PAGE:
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Acer America
Acer America Corp. is a computer manufacturer of business and consumer PCs, notebooks, ultrabooks, projectors, servers, and storage products.

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333 West San Carlos Street
San Jose, California 95110
United States

WWW: acer.com

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Return to ChannelPro Special Report Q1, 2024
February 19, 2024 |

How MSPs Can Avoid Cybersecurity’s Legal Pitfalls

Experts share best practices on how to best protect your MSP — and your customers.

SMBs often trust their managed services providers to protect their privacy and sensitive data. In the current threat landscape, however, breaches will occur, resulting in potential legal implications. MSPs have a better chance of shielding themselves from debilitating expenses and extended litigation if they follow some best practices.

Don’t Over Promise

Too often, MSPs commit to providing services they don’t have the resources to provide, observed Blair Dawson, member of Chicago-based law firm McDonald Hopkins LLC.

Blair Dawson

While this tendency may stem from good intentions — the firm wants to please its customers — it’s not a good practice, Dawson said. “If you have things like patching [or backup] schedules in the agreement and you don’t follow through with them, that can get you in a lot of trouble.”

Dawson also counsels her clients against committing to unrealistic notification deadlines.

For example, some customers may demand notification of an incident the moment the MSP suspects that a breach occurred, which isn’t realistic, she explained.

“It’s hard to comply with that, and also it could expose you to having to work with your client through an incident that turns out to not be an incident.”

Involve Your Insurance Carrier

Bradley Gross, president of the Law Offices of Bradley Gross PA in Weston, FL, urged MSPs to contact their insurance providers soon after a suspected breach occurs.  

This may not result in the services provider making a claim, but it lays the groundwork for them to do so, if necessary, Gross said.  “Notification is usually the first step, and it is a non-delegable prerequisite to filing a claim later.”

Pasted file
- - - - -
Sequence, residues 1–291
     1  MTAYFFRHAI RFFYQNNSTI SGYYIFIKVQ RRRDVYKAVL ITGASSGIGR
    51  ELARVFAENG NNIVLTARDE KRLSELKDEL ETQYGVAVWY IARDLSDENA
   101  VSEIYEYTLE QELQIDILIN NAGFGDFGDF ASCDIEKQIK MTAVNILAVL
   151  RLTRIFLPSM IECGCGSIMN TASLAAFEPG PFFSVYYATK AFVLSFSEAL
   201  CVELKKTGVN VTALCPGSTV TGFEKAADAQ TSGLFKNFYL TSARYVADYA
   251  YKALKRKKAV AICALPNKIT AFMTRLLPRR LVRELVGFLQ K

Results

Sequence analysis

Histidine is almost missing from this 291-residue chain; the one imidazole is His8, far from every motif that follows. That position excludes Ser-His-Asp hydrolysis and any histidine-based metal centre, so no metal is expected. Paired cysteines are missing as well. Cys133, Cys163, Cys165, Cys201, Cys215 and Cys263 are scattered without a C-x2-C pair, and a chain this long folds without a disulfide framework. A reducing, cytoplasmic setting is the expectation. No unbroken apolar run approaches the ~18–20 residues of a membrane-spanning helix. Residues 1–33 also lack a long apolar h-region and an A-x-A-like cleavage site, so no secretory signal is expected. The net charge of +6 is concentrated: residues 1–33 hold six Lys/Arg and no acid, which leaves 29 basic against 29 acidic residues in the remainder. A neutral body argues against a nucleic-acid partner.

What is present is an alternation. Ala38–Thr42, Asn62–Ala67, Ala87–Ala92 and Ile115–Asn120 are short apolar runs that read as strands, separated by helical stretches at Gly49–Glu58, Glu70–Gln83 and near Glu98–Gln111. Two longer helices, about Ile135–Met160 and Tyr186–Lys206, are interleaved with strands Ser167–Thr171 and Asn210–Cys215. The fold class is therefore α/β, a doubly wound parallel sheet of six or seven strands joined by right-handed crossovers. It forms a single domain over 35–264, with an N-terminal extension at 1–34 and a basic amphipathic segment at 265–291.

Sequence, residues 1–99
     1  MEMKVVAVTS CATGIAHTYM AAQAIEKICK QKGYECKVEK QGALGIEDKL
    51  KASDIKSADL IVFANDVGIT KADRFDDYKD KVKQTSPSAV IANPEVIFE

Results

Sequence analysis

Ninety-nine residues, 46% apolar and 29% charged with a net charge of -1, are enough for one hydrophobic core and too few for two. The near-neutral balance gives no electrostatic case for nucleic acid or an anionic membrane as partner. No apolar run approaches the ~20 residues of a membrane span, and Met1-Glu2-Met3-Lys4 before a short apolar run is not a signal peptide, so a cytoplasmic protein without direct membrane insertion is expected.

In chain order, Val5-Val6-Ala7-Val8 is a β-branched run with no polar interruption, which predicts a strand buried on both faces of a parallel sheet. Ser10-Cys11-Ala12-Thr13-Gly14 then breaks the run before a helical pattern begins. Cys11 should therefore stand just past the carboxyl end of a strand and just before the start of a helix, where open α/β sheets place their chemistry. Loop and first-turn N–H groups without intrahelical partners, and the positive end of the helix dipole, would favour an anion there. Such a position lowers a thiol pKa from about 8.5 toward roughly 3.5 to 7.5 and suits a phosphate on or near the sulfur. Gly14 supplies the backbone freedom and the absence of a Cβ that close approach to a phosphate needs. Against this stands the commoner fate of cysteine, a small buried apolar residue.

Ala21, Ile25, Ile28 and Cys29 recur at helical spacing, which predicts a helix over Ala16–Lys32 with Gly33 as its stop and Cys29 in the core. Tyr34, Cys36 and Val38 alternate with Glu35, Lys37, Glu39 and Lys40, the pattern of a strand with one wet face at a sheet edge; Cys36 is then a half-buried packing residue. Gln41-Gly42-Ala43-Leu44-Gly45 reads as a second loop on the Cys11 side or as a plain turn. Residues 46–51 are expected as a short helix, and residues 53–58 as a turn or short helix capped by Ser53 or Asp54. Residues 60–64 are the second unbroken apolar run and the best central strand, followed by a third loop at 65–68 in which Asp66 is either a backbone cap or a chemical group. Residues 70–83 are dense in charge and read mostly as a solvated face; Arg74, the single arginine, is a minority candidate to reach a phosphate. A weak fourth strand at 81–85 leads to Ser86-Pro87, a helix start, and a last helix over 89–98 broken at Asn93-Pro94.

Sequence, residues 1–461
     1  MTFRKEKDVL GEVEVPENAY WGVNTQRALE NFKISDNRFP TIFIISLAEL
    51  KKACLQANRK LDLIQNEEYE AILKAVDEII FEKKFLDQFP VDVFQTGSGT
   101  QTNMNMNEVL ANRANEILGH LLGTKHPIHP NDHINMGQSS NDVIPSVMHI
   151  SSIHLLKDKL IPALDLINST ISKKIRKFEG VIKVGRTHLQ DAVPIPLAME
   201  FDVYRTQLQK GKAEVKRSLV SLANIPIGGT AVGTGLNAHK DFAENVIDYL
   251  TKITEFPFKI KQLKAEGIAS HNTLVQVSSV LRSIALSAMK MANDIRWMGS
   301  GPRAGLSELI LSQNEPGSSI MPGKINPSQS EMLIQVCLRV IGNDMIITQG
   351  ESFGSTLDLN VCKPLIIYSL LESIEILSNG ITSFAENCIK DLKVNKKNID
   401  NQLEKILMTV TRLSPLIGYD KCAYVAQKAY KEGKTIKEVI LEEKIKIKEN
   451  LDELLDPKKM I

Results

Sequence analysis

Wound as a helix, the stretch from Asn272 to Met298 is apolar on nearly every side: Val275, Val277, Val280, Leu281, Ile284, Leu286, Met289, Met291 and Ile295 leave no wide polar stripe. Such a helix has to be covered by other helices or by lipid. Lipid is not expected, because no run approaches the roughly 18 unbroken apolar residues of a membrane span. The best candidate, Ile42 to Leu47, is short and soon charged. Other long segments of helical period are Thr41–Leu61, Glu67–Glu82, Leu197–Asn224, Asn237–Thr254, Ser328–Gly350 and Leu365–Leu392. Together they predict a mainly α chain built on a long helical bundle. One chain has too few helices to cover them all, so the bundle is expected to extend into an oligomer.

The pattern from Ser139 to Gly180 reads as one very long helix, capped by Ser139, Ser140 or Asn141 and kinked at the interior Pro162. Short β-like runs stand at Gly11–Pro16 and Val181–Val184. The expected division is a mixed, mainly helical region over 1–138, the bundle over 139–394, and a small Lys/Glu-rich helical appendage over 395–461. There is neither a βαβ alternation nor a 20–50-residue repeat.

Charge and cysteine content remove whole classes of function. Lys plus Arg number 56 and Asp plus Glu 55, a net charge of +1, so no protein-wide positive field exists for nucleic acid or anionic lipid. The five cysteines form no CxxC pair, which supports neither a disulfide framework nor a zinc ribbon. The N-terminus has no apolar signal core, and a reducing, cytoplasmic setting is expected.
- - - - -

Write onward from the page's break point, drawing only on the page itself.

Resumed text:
Determine Liability

An MSP is liable to its customers if it has done or failed to do something that led to a breach, Gross said. For example, the MSP may have neglected to apply a security protocol listed in its master service agreement (MSA).

That said, if the MSP lived up to its contractual commitments and standard industry practices, it likely won’t be held responsible, Gross said. “Breaches happen even in the best practice scenario, so not all of them result in liability.”

For MSPs that outsource security services to SOCs, Gross highlighted the importance of differentiating between services directly provided by the MSP and those it resells. This protects the MSP from being liable if its SOC experiences a breach.

“Make it very clear in contracts that there are services we provide, and then some we facilitate,” Gross emphasized.

Bradley Gross

 

Calculating Damages

If an MSP is to blame for a breach, it is exposed to two main categories of damages:

  • Actual damages, those that result from the incident, such as mediation expenses, forensic investigation, and breach notification costs
  • Consequential or indirect damages, such as a client experiencing profit loss

MSPs may protect themselves from having to pay out consequential damages by waiving them in their MSAs, Gross noted. “That is something every MSP should be doing.”

Set Clear Expectations

Customers, too, share responsibility in following security best practices, and Gross advises MSPs to spell this out in their documentation.

“It’s important for MSPs to allocate responsibility between what the MSP will handle from a security perspective, and what the customer will handle,” he said.

For example, if the client circumvented a security protocol implemented by the MSP, the latter shouldn’t be held responsible for a breach, he said.

“Allocations of responsibilities should be very clear. [That way], responsibilities are laid out so there is no question about who did what, or who should be doing what, at any given moment.”


 Image: iStock

Return to ChannelPro Special Report Q1, 2024

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